What is more, this remarkable film implodes the conventions of documentary, with its multitude of narrative viewpoints. Its huge ensemble of anonymous voices is presented in as much a dizzying, disorienting fashion as the visuals. Despite that we see some railroad riders onscreen in several scenes, they still remain as strangers to us: as phantom-like as the plethora of signatures and drawings on the trains that we see throughout. A conventional A&E documentary would probably have started right off the bat with some exposition on Bozo Texino, yet we first see a (fleeting) shot of Texino’s drawing at the ninth minute, and only at the eighteenth (nearly one third of the film has already elapsed) does someone first mention his name. Since this hour-long film is a condensation of a lifetime on the tracks, it makes sense that we only gradually learn of the central character, just as someone gradually would hear these stories as legends after time spent riding on the trains.
While perhaps documentary-like in its structure of talking heads, narration and candid shots of people catching rides on trains, this film more succeeds in giving the viewer a synthesis of what it is like to hop a freight train to parts unknown. Its disorienting approach also compliments the fuzzy narrative, as this subculture is full of people who assume others’ identities. John Easley, for instance, has adopted the signature of an older man named Coltrane (whose trademark is an Old West scout with long hair and a huge moustache). As such, we hear conflicting opinions as to who is really signing the trains as Bozo Texino. Unlike the case of Citizen Kane, perhaps we really don’t want to know the revelation of this “Rosebud”.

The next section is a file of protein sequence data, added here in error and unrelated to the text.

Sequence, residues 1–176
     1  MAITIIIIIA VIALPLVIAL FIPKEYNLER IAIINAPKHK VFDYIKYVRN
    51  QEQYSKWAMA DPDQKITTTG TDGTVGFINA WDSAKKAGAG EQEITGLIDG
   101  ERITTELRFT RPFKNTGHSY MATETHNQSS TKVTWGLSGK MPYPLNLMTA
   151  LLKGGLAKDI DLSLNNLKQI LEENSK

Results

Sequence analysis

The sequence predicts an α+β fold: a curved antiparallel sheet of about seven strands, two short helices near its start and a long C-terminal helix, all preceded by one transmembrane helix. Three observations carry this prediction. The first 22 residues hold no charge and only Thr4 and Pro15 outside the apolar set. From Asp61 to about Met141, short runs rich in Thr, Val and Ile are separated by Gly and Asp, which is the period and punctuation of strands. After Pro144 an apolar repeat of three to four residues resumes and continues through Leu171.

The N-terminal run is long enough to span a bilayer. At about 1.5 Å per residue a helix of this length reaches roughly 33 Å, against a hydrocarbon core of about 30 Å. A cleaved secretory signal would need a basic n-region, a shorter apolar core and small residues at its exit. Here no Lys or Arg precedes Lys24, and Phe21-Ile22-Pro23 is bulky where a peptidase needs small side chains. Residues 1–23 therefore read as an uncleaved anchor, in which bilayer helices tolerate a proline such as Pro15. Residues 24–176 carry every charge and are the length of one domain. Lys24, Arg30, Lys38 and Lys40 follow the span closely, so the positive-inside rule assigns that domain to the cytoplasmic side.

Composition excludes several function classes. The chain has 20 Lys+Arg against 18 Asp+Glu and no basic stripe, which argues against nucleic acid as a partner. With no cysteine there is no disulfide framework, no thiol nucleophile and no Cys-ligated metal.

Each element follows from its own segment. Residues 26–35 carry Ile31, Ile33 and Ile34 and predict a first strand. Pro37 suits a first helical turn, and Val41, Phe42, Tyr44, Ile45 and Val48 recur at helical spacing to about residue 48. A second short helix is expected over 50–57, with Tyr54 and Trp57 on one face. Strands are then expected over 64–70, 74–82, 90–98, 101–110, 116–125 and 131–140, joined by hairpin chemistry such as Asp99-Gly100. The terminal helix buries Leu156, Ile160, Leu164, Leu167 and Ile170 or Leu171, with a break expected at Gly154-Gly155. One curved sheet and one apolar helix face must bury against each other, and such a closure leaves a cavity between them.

Because this subculture is so steeped in legend and lore, solving this puzzle perhaps robs it of its mystical quality. This journey to uncovering Texino’s identity is another metaphor for the train ride—the destination matters less than the road trip. On screen and on paper, Who Is Bozo Texino gives us a representation of a long exhilarating ride, with its blurry narrative and blinding editing, as a lifetime of memory and folklore is distilled into one hour. Even more, each of these fleeting images is a miniature work of art in itself. With the meticulous attention to frame composition and rich contrasts, Bill Daniel ably validates this vanguard lifestyle as an overwhelming experience.
It is perhaps over-simplifying this bohemian existence by romanticizing its freedom from the clutches of modern society, but how this film was being shown to the audience adds to that image. Avoiding the usual trappings (literally and figuratively) of the film festival circuit, Bill Daniel would travel the continent in his van to show the film: fitting for the “wandering spirit nature” of its subject. My seeing it in a cold, wooden screening facility (perhaps not unlike a boxcar itself) one October night further added to the visceral experience of this truly remarkable movie.
While you should see Who Is Bozo Texino on a big screen somewhere, somehow… you can purchase DVD’s of the film at www.billdaniel.net.
(originally published in ESR #18)